17 May 2017
ABC v St George’s Healthcare NHS Trust and Others  EWCA Civ 336 – read judgment
All the advocates in this case are from 1 Crown Office Row. Elizabeth-Anne Gumbel QC, Henry Witcomb QC and Jim Duffy for the Appellant, and Philip Havers QC and Hannah Noyce for the Respondents. None of them were involved in the writing of this post.
In a fascinating twist to the drama of futuristic diagnosis, the Court of Appeal has allowed an argument that doctors treating a Huntington’s patient should have imparted information about his diagnosis to his pregnant daughter to go to trial.
The background to this case is outlined in my earlier post on Nicol J’s ruling in the court below. A patient with an inherited fatal disease asked his doctors not to disclose information to his daughter. The daughter came upon this information accidentally, shortly after the birth of her child, and found, after a genetic test, that she suffered from this condition as well, which has a 50% chance of appearing in the next generation. Had she known this, she would have sought a termination of the pregnancy. She claimed that the doctors were liable to her in damages for the direct effect on her health and welfare.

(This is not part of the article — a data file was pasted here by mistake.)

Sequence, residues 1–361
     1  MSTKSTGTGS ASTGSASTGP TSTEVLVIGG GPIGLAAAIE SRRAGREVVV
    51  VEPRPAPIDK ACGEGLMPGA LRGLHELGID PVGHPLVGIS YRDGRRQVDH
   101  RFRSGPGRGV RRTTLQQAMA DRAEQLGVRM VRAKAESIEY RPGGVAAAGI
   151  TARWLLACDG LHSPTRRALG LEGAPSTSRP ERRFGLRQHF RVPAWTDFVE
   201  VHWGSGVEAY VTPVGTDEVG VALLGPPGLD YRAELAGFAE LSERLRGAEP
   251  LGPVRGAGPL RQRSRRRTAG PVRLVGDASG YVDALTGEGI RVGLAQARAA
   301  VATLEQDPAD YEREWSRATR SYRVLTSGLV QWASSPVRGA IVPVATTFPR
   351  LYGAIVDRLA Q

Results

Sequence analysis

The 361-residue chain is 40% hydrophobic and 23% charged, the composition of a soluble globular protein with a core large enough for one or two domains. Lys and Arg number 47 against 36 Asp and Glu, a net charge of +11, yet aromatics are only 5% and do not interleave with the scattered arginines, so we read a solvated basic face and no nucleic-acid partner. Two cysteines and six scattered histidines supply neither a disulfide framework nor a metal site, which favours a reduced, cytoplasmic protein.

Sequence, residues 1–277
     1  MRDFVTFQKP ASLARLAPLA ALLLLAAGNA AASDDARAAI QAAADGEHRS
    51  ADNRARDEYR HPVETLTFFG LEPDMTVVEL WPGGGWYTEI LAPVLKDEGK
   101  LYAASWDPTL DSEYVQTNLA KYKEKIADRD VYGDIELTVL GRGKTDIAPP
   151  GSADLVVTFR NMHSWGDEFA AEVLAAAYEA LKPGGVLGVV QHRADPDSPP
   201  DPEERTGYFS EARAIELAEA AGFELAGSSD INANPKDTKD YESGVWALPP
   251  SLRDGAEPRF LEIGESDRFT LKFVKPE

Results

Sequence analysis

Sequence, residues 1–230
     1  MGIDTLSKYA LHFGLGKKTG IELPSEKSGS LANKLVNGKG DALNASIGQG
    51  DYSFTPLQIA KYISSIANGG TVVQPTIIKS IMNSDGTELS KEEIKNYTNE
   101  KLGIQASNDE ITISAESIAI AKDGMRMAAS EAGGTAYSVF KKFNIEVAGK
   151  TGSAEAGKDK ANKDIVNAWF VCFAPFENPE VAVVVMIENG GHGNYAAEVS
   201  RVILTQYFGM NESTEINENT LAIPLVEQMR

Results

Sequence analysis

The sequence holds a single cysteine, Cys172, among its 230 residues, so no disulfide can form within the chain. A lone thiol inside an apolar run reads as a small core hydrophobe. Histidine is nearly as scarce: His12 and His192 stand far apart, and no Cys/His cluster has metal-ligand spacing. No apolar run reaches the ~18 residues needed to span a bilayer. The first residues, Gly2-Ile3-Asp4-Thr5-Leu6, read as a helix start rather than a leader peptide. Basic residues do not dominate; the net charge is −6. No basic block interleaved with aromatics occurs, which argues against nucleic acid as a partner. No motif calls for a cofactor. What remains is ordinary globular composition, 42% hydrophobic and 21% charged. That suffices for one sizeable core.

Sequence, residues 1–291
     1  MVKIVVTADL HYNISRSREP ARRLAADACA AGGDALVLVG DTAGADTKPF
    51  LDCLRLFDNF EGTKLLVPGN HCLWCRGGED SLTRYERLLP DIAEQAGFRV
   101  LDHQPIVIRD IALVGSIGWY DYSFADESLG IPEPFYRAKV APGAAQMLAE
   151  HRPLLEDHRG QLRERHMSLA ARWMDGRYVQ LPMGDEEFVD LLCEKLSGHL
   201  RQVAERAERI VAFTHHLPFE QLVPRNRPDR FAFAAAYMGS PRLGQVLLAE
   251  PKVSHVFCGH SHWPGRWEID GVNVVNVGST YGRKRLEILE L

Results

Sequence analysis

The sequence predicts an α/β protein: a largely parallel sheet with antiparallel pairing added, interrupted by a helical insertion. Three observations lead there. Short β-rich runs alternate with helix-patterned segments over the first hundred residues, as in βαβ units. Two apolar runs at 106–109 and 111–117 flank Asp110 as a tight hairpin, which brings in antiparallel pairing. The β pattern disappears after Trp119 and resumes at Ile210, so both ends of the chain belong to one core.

A claim for “wrongful birth” is well established in law; no claim was made on behalf of the child, who was too young to be tested for the condition. The twist is the duty of secrecy between doctor and patient, which has held very well for the past two centuries. Short of confessions pertaining to homicide or information regarding contagious diseases, the dialogue behind the consulting door should end there.
The problem is that the typical medical relationship only pertains to the pathology of the individual patient. Now that tests are available that make every single one of us a walking diagnosis not only for our own offspring but those of our siblings and their offspring, the one-to-one scenario collapses, along with the limited class of people to whom a doctor owes a duty of care. The pregnant daughter who came across the information about her father’s condition was not the defendant doctor’s patient. In pre-genetic days, that meant there was no duty of care relationship between her father’s doctors and her. But the certainty of hereditability brings her into that circle.
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